(A small note (which you can ignore if it is too much information): It is good practice (and necessary for "strict mode") to define globals like next with var as you have done. JavaScript will treat variable references as globals unless var is used within that scope, but as mentioned, even if all your code had been inside a function and next had been a local variable, its definition with var allows for discovery of that variable anywhere within the closure, even within nested functions (unlike this which is another can of worms).)

Where can one read about the details of what's going on here?

You might find this helpful: https://developer.mozilla.org/en-US/docs/Web/JavaScript/Guide/Closures

UPDATE

In reply to a comment:

In JavaScript...

  1. If a function variable (or any kind of variable) is defined with var, it is recognized as undefined (not as a type error) in that scope (including the case where it is defined in the top, global scope), until an assignment is made to give it the function value (so it can be executed or passed around). Likewise with assignments on existing objects such as window.myFunc = function () {};.
  2. If a function is just declared without var like function myName () {}, it is immediately available everywhere in that scope, before or after the declaration. As with var function declarations, it can similarly be treated as data, with the function passed around as data, e.g., for callbacks.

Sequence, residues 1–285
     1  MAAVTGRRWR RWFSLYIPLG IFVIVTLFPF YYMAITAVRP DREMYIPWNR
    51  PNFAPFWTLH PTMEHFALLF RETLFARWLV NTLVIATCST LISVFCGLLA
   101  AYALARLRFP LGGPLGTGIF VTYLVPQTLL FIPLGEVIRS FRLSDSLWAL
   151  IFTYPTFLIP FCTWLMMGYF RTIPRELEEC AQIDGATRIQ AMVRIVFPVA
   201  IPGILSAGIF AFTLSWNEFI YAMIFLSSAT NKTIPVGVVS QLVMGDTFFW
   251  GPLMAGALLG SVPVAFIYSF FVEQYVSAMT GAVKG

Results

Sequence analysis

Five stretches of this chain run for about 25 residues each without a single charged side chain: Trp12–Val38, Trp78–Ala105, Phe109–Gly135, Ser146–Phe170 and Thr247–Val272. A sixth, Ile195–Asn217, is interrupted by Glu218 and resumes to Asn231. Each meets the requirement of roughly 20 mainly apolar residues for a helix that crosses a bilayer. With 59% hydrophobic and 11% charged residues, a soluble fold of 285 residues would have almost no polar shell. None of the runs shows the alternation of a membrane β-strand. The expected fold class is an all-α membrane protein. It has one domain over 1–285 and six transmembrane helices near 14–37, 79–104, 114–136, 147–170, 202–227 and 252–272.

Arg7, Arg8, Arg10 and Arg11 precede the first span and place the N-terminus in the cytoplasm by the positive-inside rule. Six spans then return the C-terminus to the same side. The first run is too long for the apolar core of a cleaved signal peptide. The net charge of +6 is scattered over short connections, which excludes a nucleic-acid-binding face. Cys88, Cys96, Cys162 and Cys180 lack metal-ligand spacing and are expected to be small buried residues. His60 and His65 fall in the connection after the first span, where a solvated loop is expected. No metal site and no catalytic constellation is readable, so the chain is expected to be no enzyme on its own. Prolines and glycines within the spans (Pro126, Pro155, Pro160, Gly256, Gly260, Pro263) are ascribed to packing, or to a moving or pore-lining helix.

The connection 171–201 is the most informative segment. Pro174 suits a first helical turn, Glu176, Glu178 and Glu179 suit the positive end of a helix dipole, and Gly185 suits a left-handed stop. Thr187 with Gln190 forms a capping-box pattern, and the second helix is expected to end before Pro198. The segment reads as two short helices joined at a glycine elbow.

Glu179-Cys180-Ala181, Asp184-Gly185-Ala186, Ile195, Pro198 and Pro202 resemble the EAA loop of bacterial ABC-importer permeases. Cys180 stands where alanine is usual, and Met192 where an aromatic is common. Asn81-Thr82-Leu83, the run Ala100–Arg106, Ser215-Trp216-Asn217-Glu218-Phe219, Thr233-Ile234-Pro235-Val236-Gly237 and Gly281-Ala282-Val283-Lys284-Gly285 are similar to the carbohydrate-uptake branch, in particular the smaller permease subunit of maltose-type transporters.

3. If a function variable is defined as a variable but without a var existing with that name anywhere up to the global scope, e.g., myGlobal = function () {};, even this will not produce errors (and will work like #1 above) unless "strict mode" is in effect, in which case it will produce an error.
share|improve this answer
    
Even though I wrote var next, I'm pretty sure I was hung up thinking about it as a function declaration, not a var. So, writing the nested next() call isn't a syntax error because before the wrapper function executes, the variable next still exists, it's just undefined. Is that correct? – kdbanman Mar 1 '14 at 3:44
1  
I've added an update at the end of my answer which addresses the possibilities. Your description is correct, but unless "strict mode" is applied, it will also be recognized as a global (and not produce errors) even without var. The ability to so easily create globals is listed as the main "awful part" of JavaScript per Douglas Crockford – Brett Zamir Mar 1 '14 at 4:46